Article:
Police Officers Napping in Patrol Cars, Surviving on Bananas and Cup Noodles While Struggling in Disaster Area During Reconstruction Assistance Efforts | FRIDAY DIGITAL

Police Officers Napping in Patrol Cars, Surviving on Bananas and Cup Noodles While Struggling in Disaster Area During Reconstruction Assistance Efforts

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In Anamizu Town, Hyogo Prefectural Police officers were in charge of traffic control. Although they have a separate base of operations, they take naps and other activities in a van or tent behind them while on duty.

A month has passed since the Noto Peninsula earthquake occurred.

Like the Self-Defense Forces and fire departments, police officers from all over Japan have been dispatched to the disaster areas since New Year’s Day, and are still working hard. The main duties of the police in the affected areas include “lifesaving,” “traffic control,” “crime prevention,” and “investigation of dead bodies.

The lifesaving activities are carried out by a unit called the Wide-Area Emergency Assistance Team, which has been established in each prefectural police department. This unit was established in response to the lessons learned from the Great Hanshin-Awaji Earthquake of 1995, when the police had difficulty in rescuing people in need of help due to the lack of equipment and materials compared to the fire department. In addition, in 2011, the Police Disaster Relief Team was established based on the lessons learned from the Great East Japan Earthquake. In addition to the Wide-Area Emergency Assistance Team, units from various police departments, such as traffic, community, and criminal, are dispatched to disaster-stricken areas as soon as possible. The dispatched police officers work for three days to a maximum of one week, and then take over the duties of the police units they have replaced.

Rescue and search operations are being conducted daily in the disaster-stricken areas by the Regional Emergency Assistance Teams and other units. If a body is unfortunately found, it is taken to a temporary morgue for autopsy before being handed over to the bereaved family. The bodies, which have been in various states of disrepair, are analyzed and appraised to hasten identification.

A patrol car of the Ishikawa Prefectural Police was patrolling the streets amid collapsed houses and utility poles blocking the road.

Traffic restrictions are in place every day in the affected areas. Because the roads leading to Anamizu Town, Wajima City, and Suzu City are restricted to one-way traffic, and there are several intersections where traffic signals are not functioning, the Highway Traffic Police and Traffic Riot Police, which normally conduct traffic control activities on highways and trunk roads, are in charge of traffic control in the area.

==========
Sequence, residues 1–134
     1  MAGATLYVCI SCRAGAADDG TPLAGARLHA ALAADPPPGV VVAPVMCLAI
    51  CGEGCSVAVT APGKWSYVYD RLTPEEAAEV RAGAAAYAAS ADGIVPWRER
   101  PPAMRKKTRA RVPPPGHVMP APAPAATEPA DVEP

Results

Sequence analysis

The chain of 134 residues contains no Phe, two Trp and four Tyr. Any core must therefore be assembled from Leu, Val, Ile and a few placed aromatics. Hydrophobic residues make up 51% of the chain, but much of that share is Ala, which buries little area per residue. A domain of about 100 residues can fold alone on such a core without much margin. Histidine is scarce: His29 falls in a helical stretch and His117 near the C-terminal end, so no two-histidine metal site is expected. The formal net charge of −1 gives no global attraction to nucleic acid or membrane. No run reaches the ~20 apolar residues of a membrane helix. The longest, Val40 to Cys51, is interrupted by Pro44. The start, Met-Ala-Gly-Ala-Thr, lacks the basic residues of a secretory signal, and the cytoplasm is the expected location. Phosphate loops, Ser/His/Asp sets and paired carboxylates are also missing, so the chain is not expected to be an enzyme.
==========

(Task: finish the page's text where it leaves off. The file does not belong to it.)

Some roads had to be diverted through the village, and some police officers were trying to make it as easy as possible for vehicles to pass through by spreading shovels of snow in the cracks of the roads. They took turns performing their duties, but when they needed to rest, they took naps in simple tents set up on the spot or in their patrol cars, and ate only cup noodles and bananas for meals. They also used simple toilets for toilet facilities. In addition, the Mobile Police Communications Unit of the Information and Communications Department, which is responsible for restoring communication systems such as police radios and transmitting images, is also in the affected areas to support police operations.

Sadly, there have also been incidents of theft and fraud in the affected areas. There have been many crimes such as burglars who enter the affected houses wearing clothes that blend in easily with their surroundings or pretending to be the family members of the victims and take money and goods, or who put blue sheets on the roofs of the affected houses without permission and unilaterally repair the houses, taking several hundred thousand yen as construction costs.

According to the National Police Agency, the agency has reported 32 cases of burglary and littering as of January 25. The police, having learned lessons from the many disasters, have been strengthening their various police activities, patrolling day and night to keep an eye out for suspicious persons. At the same time, plainclothes police officers are patrolling in masked patrol cars, and police activities, including support units, are expected to continue for the time being to deter crime and ensure the safety and security of disaster victims.

Metropolitan Police Department motorcade is also patrolling in Anamizu Town and other areas.
Members of the Wide-Area Emergency Assistance Team searching a village swept away by a landslide.
A safe was found and stored among burnt debris at a morning market in Wajima.
  • Photography, Interview, Writing Takuma Arimura

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